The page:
I also know for sure that at that very time, there were several young Gretsch girls and women who were living in Brooklyn and nearby New York City. They were no doubt in some way affected either by their attention or their inattention to Bly’s well-publicized journey.
Dora Gretsch was just 11 years old at the time. Old enough to read the newspapers and certainly old enough to be acquainted with the possibilities of travel adventures. Although she and all of her siblings were born in Brooklyn, both of her parents were born in Germany. From the time she was born, and even long before then, her family was surrounded by family members who were traveling in and out of her father’s busy home. Aunts, uncles, cousins and even a grandmother came from Germany. Some stayed and some departed again for points west and south.
Dora’s older half sister Wilhelmine was just 20 years old when Nelly sailed. Wilhelmine, like Dora, had been born in Brooklyn. Unlike Dora however, she would remain in the town of her birth until she was very old and only then would her traveling adventures begin. Although, Wilhelmine would be remembered (and indeed very soon forgotten) for having no big adventures in her life, perhaps at the age of 20, she had dreams of such possibilities. But as I said, I don’t know for sure.
Emilie, the eldest of the three Gretsch half sisters, was 34 years old at the time and already she had been teaching in the Brooklyn schools for 16 years. She was a woman who prided herself on her work as a teacher and a writer. She would later become a devotee of Mary Baker Eddy and there can be little doubt that she kept at least one eye focused on the press as Nelly Bly’s trip progressed. But Emilie, unlike her younger half sisters, never left the city of her birth to live elsewhere.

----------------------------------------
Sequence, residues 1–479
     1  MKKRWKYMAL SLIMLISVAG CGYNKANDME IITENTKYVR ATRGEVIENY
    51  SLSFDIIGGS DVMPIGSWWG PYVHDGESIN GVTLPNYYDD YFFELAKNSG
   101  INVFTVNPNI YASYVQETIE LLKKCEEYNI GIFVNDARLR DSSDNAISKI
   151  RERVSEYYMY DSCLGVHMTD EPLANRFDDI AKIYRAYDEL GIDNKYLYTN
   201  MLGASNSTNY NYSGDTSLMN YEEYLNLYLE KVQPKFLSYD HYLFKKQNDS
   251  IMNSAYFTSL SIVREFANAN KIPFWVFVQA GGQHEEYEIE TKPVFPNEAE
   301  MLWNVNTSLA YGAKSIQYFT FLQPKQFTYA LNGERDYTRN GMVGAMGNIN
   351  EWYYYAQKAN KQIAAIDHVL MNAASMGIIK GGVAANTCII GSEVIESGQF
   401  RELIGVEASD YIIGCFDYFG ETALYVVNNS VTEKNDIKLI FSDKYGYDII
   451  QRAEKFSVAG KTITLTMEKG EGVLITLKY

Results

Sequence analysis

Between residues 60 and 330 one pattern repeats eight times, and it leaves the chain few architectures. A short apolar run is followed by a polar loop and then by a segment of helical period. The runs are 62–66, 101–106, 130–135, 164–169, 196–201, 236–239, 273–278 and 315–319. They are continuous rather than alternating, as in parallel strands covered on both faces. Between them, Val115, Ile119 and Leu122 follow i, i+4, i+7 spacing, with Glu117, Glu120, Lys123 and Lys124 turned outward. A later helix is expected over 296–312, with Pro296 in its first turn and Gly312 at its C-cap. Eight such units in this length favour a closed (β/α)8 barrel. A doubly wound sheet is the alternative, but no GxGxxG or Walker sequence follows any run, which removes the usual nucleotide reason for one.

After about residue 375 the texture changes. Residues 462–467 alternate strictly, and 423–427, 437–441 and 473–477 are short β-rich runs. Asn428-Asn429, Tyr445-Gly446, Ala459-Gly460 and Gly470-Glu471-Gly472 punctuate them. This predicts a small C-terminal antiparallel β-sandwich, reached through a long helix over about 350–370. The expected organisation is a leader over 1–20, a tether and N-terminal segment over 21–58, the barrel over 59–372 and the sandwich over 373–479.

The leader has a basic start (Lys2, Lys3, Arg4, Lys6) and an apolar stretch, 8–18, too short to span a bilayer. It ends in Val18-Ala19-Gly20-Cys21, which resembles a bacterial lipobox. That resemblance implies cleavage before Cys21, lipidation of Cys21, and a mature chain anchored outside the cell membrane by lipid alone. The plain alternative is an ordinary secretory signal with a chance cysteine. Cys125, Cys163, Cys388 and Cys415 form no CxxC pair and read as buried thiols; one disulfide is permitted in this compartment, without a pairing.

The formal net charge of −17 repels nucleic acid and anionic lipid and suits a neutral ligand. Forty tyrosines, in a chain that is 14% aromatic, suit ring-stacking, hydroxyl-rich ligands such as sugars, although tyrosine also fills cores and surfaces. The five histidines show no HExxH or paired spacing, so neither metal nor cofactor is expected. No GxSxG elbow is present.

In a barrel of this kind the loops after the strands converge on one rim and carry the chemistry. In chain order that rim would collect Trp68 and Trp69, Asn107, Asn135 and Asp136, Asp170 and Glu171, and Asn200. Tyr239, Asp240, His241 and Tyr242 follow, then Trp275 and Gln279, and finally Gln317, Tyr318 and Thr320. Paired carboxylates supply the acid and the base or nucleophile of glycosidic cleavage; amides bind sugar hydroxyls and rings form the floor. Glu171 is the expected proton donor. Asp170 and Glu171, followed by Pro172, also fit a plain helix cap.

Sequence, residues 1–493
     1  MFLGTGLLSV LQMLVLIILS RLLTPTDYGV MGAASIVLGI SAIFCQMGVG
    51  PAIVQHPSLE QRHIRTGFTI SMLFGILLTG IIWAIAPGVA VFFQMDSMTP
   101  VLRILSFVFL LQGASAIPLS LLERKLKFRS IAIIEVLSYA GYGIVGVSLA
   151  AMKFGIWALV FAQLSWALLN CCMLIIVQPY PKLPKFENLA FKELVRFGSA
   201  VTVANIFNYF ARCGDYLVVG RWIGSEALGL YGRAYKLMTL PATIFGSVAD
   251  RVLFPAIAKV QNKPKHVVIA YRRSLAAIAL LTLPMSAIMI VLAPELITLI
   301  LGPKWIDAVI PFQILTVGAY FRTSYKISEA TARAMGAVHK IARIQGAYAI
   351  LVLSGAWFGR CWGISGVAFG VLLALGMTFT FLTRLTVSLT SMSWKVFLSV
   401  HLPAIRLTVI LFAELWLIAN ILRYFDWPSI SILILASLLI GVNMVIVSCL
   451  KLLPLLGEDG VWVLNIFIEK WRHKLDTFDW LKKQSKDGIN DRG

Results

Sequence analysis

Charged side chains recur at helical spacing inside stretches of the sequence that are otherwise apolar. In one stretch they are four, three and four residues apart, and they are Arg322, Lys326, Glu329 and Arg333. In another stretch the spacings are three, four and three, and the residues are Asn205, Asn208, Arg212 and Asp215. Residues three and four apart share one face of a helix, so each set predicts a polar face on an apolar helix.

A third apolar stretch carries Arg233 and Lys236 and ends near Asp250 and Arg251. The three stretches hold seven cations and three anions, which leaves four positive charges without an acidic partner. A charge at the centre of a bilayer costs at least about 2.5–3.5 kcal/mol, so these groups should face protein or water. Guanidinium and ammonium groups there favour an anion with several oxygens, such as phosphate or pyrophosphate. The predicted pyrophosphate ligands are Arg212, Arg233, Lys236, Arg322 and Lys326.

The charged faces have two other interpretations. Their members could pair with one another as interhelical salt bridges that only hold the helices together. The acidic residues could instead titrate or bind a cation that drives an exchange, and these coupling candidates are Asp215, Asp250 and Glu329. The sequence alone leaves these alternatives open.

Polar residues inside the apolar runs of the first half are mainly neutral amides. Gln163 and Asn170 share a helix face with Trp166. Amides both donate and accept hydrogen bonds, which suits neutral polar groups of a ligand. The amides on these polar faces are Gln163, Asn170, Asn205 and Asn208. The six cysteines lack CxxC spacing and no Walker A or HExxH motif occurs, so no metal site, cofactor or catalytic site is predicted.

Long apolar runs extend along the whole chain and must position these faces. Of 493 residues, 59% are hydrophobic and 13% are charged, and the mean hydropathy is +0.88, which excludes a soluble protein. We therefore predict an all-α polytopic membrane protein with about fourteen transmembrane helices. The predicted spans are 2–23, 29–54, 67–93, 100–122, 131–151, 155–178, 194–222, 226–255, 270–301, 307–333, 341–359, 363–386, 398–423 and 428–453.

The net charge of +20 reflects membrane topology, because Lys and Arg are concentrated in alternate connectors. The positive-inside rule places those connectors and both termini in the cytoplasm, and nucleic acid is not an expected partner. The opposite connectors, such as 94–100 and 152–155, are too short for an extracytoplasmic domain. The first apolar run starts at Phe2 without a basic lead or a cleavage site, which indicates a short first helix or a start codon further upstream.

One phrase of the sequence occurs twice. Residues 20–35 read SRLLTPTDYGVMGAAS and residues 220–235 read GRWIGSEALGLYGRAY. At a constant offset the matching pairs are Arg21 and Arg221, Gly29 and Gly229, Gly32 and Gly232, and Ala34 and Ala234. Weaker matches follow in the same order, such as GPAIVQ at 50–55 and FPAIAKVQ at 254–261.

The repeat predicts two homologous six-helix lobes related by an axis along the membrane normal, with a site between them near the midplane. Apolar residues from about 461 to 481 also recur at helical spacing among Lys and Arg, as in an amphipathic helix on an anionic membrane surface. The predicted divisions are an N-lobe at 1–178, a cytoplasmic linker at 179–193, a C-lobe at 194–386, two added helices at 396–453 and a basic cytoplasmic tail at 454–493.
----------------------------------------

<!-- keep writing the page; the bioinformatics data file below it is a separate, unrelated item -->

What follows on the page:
Not far away was another Gretsch household. Here, Fritz a first cousin to the three aforementioned half-sisters and his wife, Rosa, had just welcomed their sixth child into their busy household. Hertha was their third and would be their youngest daughter. This new born child was to be their most adventuresome child. She was also to be their most independent child. She would travel the farthest away from Brooklyn. She was to be the only one of their offspring who would venture to live and work in a foreign land. So I don’t stray from a truth, when I say that this newborn child was also affected by the trip that Nelly Bly embarked on in November of 1889. Like Nellie, Hertha would become a world traveler.
Also, not very far away just across the East River in the city of New York, there lived another Gretsch girl, Philippine Gretsch Morgner. Bena, as her family endearingly called her, had like all her siblings been born in Germany. In 1889, at the age of 28, she had been married just the previous May. She was the youngest sister of the aforementioned Fritz. Bena like her niece, Hertha, who was just newly born, was the youngest girl in the family and also the sixth child of her parents. Bena was a first cousin to Dora and Wilhelmine and Emilie, all of whom were born in America. It was into their household that Bena and her siblings had come when they first arrived in America.
Now, in 1889, having come so far herself from her native Mannheim, Bena had no more dreams of traveling. Once, the adventures of Nellie Bly might have attracted her but not now. Bena and her sister Pauline, when they were much younger and living in Germany, had followed the exploits of their older cousin Pauline Gretsch from Boppard as she sailed for America. They watched closely as their brothers followed this adventurous cousin and the two eagerly waited their own turn.